Jones then analyses data from Luxembourg as compared to France and Germany. I will not comment on this data since Luxembourg is a very small country.

Jones then compares the suicide data in the Netherlands to that of Germany. Jones states:
In both jurisdictions there was a decline in non-assisted suicide between 1990 and 2001 which continued until 2007. However, whereas rates of non-assisted suicide in Germany remained relatively flat between 2007 and 2016 (as mentioned earlier), the rates of non-assisted suicide in the Netherlands have increased steadily since 2007. The rate of intentional self-initiated death in the Netherlands, which had been declining when the law was passed, has also risen steeply since 2007.

Overall, the Netherlands, which is the country with the longest continuous history of euthanasia in Europe, has seen the highest increases in non-assisted suicide in Western Europe between 2001 and 2016. From the statistics provided by OECD Suicide Data (2021), the only other EU country that saw a higher net increase in non-assisted suicide in this period was Greece, but the rates in Greece are still at much lower levels than those in the Netherlands (4.0 in Greece in 2016 compared with 10.5 in the Netherlands). Note also that Greece suffered a catastrophic economic collapse over this period.
Jones concluded:
In relation to the Netherlands it is certainly false to say that, “suicide rates either stayed the same or decreased after MAID legislation” (Dembo et al., 2018, p. 453). Non-assisted suicide in the Netherlands rose between 2001 and 2016 from 9.1 to 10.5 while in Germany, it fell from 12.8 to 10.2. Furthermore, this has happened at the same time as there have been dramatic rises in rates of intentional self-initiated death (up from 21.9 to 46.3 per 100,000). These patterns were all more pronounced in females.
The Netherlands suicide rate has increased since 2001 as compared to Germany. In 2001 the suicide rate was lower in the Netherlands than Germany and now it is significantly higher.

Finally Jones examines suicide data in Belgium as compared to France. Jones chooses France, for comparison, because 40% of Belgians speak French as their native language and the Belgian suicide data is very similar to that of France. Jones explains that unlike the Netherlands and Switzerland Belgium has seen a drop in the non-assisted suicide - suicide rate but the drop in suicide in Belgium is not as great as the drop in other European nations including France. Jones states:
Belgium introduced euthanasia by law in 2002 and, in contrast with the Netherlands and Luxembourg, has seen a decline in non-assisted suicide since passing the law. Nevertheless, the fall in non-assisted suicide in Belgium from 2002 to 2016 (19.5 to 15.9) is not as great as that in France (17.6 to 12.3). Indeed, in 2016 Belgium had the highest non-assisted suicide rate in Western Europe. Within the European Union, only the former communist countries Hungary, Slovenia, Latvia, and Lithuania had higher rates of non-assisted suicide (OECD Suicide Data, 2021).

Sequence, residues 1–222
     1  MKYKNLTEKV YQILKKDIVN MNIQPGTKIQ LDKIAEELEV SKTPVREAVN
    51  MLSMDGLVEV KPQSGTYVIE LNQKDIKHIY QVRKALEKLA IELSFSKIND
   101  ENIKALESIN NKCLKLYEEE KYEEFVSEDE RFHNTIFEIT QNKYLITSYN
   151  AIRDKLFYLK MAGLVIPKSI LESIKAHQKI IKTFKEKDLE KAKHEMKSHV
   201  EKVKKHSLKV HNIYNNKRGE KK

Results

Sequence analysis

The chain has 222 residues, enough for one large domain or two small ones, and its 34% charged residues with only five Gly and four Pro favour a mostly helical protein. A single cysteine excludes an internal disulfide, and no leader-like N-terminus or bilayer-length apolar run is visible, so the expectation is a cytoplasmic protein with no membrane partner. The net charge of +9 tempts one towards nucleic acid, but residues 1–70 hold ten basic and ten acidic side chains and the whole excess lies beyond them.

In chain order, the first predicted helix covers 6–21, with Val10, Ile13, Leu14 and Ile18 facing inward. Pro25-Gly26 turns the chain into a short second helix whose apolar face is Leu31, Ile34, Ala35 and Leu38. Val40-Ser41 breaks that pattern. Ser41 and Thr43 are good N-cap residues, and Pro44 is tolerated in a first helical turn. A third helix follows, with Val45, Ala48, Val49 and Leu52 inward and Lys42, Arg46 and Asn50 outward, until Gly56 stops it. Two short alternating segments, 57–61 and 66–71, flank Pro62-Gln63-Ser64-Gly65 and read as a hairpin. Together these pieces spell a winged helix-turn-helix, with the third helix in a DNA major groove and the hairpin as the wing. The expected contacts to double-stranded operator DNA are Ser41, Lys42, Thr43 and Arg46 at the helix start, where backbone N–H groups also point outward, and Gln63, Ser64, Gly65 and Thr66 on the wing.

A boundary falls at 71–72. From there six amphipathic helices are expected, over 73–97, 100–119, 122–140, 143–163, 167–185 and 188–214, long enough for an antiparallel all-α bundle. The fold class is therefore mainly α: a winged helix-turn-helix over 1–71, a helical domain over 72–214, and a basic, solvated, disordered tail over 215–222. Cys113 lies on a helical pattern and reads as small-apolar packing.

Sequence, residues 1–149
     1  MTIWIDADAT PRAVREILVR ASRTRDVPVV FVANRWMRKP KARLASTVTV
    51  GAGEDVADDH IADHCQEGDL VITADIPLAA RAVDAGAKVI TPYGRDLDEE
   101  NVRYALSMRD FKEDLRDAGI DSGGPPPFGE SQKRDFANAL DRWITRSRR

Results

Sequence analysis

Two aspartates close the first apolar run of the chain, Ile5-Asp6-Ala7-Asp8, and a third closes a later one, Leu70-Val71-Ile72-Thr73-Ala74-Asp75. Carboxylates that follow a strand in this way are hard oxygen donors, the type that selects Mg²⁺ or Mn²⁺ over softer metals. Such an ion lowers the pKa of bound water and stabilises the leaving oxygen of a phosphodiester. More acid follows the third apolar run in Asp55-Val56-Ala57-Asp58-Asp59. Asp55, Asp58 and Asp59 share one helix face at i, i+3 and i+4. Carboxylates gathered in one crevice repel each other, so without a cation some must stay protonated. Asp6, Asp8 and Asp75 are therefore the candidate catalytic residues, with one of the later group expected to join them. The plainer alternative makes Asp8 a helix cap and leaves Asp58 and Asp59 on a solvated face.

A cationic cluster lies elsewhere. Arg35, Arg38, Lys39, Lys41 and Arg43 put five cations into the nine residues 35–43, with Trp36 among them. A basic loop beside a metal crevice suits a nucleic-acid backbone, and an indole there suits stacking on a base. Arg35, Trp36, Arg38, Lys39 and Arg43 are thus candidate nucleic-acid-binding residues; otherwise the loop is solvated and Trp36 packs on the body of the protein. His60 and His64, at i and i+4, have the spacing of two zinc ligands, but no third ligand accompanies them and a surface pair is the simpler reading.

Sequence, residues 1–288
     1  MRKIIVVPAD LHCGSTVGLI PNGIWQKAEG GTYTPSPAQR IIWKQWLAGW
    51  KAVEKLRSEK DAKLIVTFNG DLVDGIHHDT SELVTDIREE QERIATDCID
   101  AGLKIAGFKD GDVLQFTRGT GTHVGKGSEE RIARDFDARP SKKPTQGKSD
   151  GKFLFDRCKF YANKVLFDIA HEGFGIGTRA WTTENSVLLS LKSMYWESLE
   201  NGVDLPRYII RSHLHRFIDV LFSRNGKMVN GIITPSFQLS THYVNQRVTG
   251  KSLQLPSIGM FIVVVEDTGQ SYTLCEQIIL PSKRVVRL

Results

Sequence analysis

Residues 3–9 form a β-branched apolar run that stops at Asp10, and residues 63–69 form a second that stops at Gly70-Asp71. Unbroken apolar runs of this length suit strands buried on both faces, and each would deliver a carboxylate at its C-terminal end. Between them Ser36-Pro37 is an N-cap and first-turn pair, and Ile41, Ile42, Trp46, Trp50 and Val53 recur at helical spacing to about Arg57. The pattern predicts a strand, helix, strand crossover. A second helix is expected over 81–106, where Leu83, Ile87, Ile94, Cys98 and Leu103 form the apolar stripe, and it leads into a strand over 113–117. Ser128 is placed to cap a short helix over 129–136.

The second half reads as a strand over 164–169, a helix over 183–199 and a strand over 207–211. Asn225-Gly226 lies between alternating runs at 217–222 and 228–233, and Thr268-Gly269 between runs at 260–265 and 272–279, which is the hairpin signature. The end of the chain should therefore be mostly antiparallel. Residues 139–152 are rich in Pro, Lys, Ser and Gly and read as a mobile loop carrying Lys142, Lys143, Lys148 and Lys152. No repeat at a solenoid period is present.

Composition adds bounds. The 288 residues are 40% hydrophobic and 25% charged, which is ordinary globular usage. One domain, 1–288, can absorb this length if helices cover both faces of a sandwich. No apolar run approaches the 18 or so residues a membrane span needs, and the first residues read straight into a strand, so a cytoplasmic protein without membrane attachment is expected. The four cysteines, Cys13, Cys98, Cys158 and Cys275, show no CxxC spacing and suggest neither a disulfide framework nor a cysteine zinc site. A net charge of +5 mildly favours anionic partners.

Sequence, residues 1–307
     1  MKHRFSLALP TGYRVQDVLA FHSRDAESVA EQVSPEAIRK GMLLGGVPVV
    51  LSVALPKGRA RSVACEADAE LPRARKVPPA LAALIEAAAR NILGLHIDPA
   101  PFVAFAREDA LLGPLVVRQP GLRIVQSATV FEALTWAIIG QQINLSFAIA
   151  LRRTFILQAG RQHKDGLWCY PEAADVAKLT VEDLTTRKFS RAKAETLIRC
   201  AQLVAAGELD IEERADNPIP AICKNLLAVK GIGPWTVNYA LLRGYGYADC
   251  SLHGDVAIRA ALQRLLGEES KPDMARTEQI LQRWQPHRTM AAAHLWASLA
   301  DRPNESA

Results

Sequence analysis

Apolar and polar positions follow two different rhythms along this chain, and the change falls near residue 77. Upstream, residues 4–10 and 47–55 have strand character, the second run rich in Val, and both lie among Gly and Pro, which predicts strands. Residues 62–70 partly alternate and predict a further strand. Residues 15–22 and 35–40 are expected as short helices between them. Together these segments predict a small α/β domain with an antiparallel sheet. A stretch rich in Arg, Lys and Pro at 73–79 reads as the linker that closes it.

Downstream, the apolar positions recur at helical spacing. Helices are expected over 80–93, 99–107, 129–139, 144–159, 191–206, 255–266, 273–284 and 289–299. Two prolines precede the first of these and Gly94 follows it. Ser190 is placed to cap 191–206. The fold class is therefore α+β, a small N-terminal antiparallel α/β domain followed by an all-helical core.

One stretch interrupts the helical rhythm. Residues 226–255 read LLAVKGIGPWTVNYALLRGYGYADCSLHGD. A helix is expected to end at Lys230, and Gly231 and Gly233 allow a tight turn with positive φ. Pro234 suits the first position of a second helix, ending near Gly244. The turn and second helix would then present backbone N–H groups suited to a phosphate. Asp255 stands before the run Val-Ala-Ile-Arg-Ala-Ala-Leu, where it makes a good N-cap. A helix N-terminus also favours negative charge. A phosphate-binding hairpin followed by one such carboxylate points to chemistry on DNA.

The increase in non-assisted suicide relative to France, especially among females, at a time when non-assisted suicide rates where declining across Europe, explains how, by 2016, Belgium came to have the highest non-assisted suicide rate among women of any EU country, former communist countries included (OECD Suicide Data, 2021).
Jones research article proves that Lowe and Downie were wrong when they opined that in Switzerland, Luxembourg, the Netherlands, and Belgium “suicide rates either stayed the same or decreased after MAID legislation” (Dembo et al., 2018, p. 453). Jones then proves that:
• In all of the four jurisdictions (Switzerland, Luxembourg, Netherlands and Belium) there have been very steep rises in suicide (incl. AS) or in ISID after the introduction of EAS. A striking example is the suicide rate (incl. AS) of women in Switzerland which has roughly doubled since 1998. Many more people have died prematurely after these changes.

• In none of the four jurisdictions did non-assisted suicide rates decrease after introduction of EAS relative to the most similar non-EAS neighbour. There is no indication of prevention of non-assisted suicide at a population level.

• In one of the four jurisdictions, the Netherlands, which has the longest history and greatest number of deaths by EAS in Europe, the rates of non-assisted suicide have increased since EAS was legalised by statute. This was both an increase in absolute terms and an increase relative to its only non-EAS neighbour: Germany.

• In another of the four jurisdictions, Belgium, which has the second highest rate of the death by EAS in Europe, while the rates of non-assisted suicide decreased in absolute terms, they increased relative to its most similar non-EAS neighbour: France. It is striking that Belgium now has the highest female non-assisted suicide rate in Europe, based on OECD Suicide Data.

• In all these respects the pattern that emerges from the European data conforms with the pattern that Jones and Paton discovered in the United States data.
For Canadians, Jones proves that the assertion that legalizing euthanasia and assisted suicide will prevent suicide is not borne out by the data, even though the Supreme Court of Canada falsely agreed that legalizing assisted death was necessary to protect the Constitutional Right to Life.

Jones states:
Indeed, if one considers the community as a whole, it is not the prohibition of EAS but the introduction of EAS that is associated with “evidence of premature death” (Carter v. Canada [Attorney General], 2015, para. 58). Furthermore, the data from Europe and from the U.S. indicate that subsequent to the introduction of EAS, it is women who have most been placed at risk of avoidable premature death from changes in rates of intentional self-initiated death and from changes in rates of non-assisted suicide.
Legalizing euthanasia and/or assisted suicide does not lessen the rate of other suicides and may directly corelate to an increase in other suicides.